Book a Scientist - handbook

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Download the handbook as pdf. 

What is Book a Scientist?

Book a Scientist is a Danish Science Festival initiative; an annual week-long festival organised by the Ministry of Higher Education and Science. Book a Scientist is a presentation programme where scientists can register a presentation to be included in the Danish Science Festival.

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Why Book a Scientist?

Book a Scientist is an initiative, where scientists communicate their knowledge to the general public. The festival aims to communicate science and research in order to strengthen the relationship between scientists and the general public in Denmark. Furthermore, to establish a meeting point between the public and scientists and to showcase how research and innovation contribute to solving social challenges and issues.

What do I gain from Book a Scientist?

Book a Scientist is voluntary. Therefore, you will not receive a fee if you participate. Book a Scientist does, however, give you the opportunity to strengthen your communication skills, and hopefully it will provide you with some positive and enriching experiences.

Scientists, who have already participated in the programme, enjoyed it very much. Bente Jensen, professor of education, Danish School of Education, said following her participation:

»To enter into a dialogue with the users is, in my opinion, one of
the most important things a scientist can do (…) It also sharpens
my own research because I have to present it to a different
target audience. I focus in a completely different way.«

When you communicate your research, you strengthen your communicative skills. Thereby, you are able to articulate yourself better and more accurately because you are challenged because you have to talk to a different audience than peers or students.

When talking to laypersons it is important to avoid scientific vernacular, to start by presenting your results, and to cut the presentation to the bone.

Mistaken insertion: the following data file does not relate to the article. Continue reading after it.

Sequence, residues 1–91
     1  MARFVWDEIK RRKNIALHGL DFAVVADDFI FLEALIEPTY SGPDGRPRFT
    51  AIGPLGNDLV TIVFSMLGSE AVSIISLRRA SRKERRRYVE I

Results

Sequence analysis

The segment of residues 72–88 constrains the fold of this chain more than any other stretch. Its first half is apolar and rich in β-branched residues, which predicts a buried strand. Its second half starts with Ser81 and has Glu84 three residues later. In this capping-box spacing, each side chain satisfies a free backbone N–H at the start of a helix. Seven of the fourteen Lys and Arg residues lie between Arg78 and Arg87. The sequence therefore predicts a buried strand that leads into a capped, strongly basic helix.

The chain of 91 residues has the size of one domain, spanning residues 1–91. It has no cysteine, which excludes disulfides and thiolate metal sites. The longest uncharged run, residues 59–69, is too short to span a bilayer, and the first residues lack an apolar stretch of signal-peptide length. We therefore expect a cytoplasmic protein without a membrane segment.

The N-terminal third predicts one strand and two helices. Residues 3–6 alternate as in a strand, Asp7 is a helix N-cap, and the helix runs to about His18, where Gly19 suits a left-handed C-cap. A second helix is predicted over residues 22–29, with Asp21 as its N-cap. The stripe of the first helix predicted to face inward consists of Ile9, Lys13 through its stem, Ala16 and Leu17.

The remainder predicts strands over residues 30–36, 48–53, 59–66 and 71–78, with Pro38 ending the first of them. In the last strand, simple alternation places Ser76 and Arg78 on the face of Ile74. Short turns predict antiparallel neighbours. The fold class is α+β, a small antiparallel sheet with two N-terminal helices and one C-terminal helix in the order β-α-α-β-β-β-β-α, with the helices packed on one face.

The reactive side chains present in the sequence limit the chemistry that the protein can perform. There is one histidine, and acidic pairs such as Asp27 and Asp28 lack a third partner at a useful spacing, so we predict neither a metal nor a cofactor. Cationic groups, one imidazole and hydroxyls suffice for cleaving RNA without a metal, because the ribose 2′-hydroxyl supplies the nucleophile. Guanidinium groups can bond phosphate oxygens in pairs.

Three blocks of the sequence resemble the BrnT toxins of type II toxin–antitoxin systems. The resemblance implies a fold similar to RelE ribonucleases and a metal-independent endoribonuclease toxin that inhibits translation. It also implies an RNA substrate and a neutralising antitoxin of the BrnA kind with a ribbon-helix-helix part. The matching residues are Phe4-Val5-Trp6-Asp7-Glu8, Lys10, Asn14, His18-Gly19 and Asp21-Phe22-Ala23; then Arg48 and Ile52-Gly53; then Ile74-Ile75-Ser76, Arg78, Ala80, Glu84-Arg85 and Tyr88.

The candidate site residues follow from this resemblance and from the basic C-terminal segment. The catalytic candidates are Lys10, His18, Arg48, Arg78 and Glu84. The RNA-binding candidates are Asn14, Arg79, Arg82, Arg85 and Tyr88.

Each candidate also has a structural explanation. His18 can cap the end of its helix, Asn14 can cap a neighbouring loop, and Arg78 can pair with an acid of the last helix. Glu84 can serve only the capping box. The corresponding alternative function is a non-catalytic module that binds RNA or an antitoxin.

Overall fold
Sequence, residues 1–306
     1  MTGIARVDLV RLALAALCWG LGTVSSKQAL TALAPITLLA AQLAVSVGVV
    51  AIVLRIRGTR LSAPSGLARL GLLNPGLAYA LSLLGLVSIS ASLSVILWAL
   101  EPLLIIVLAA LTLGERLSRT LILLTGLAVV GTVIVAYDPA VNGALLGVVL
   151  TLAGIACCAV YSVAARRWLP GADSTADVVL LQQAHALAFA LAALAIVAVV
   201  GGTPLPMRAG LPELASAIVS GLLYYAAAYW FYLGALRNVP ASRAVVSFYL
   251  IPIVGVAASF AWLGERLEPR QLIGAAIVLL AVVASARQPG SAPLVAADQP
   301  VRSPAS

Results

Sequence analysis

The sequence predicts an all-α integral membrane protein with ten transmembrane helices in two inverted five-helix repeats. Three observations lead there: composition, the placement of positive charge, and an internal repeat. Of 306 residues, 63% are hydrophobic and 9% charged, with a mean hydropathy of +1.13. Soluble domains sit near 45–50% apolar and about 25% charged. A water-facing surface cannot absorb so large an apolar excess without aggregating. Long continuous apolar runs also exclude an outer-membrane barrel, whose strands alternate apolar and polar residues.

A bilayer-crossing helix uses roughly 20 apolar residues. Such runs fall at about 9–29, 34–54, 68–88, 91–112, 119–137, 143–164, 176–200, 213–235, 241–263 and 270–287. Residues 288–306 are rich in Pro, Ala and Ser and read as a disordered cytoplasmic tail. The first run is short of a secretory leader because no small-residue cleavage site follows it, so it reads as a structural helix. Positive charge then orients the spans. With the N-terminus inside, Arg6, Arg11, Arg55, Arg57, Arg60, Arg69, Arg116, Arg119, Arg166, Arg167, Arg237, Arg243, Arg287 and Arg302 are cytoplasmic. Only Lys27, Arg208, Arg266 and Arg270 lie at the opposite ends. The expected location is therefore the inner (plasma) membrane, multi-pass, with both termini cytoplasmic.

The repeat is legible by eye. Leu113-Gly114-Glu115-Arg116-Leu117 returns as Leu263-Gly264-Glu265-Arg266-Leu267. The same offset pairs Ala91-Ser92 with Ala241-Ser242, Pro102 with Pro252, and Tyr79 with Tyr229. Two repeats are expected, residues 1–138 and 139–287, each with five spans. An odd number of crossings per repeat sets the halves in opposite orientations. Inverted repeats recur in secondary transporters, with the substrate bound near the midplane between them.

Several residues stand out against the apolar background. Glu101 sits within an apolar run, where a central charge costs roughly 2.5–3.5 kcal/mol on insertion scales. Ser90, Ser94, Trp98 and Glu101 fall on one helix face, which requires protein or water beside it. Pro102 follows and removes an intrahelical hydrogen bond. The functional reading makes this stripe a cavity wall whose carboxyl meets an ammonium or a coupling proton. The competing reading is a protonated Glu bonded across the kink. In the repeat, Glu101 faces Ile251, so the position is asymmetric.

By participating in the Book a Scientist programme, you help strengthen and qualify public debate and critical thinking. In 2023, 22,465 people took part in the 620 Book a Scientist events.

How much time is needed?

The Danish Science Festival lasts one week, but you do not need to participate all week. It’s up to you which days you want to take part and where you want to give your presentation. Let us know the details when you sign up.

Who will book my presentation?

Anyone can order your presentation, if they fit your target group - private individuals, libraries, associations, schools, colleges, companies, and municipal departments. To book a presentation, the requisitioners must guarantee an audience of at least 20 people and find a suitable venue to host the visit.

Once the Secretariat of the Danish Science Festival has arranged the contact between you and the requisitioner, you agree on the details between yourselves.

Online and physical presentations

We will keep online presentations as a possibility after good experiences with this format.

When you register your presentation, you have to choose between digital or physical for all the time slots you are registering for. In this way you can plan your week more in detail.

Central to Book a Scientist is the meeting between the scientist and the public. We therefore have a requirement of having at least one physical presentation. The rest is up to you.

When your presentation is booked for online presentation, it’s the requisitioner that has the responsibility for the technical part. Including preparing a digital meeting, introducing the platform to you, inviting you and other relevant participants.

Who can take part in Book a Scientist?

To participate in Book a Scientist you must be a scientist. This means that you must be a PhD student, have a PhD degree or have equivalent qualifications. You must also be employed by a public or private company that has research as one of its primary tasks, and your employment must not be more than seven years old. You can apply for exemption for the employment period.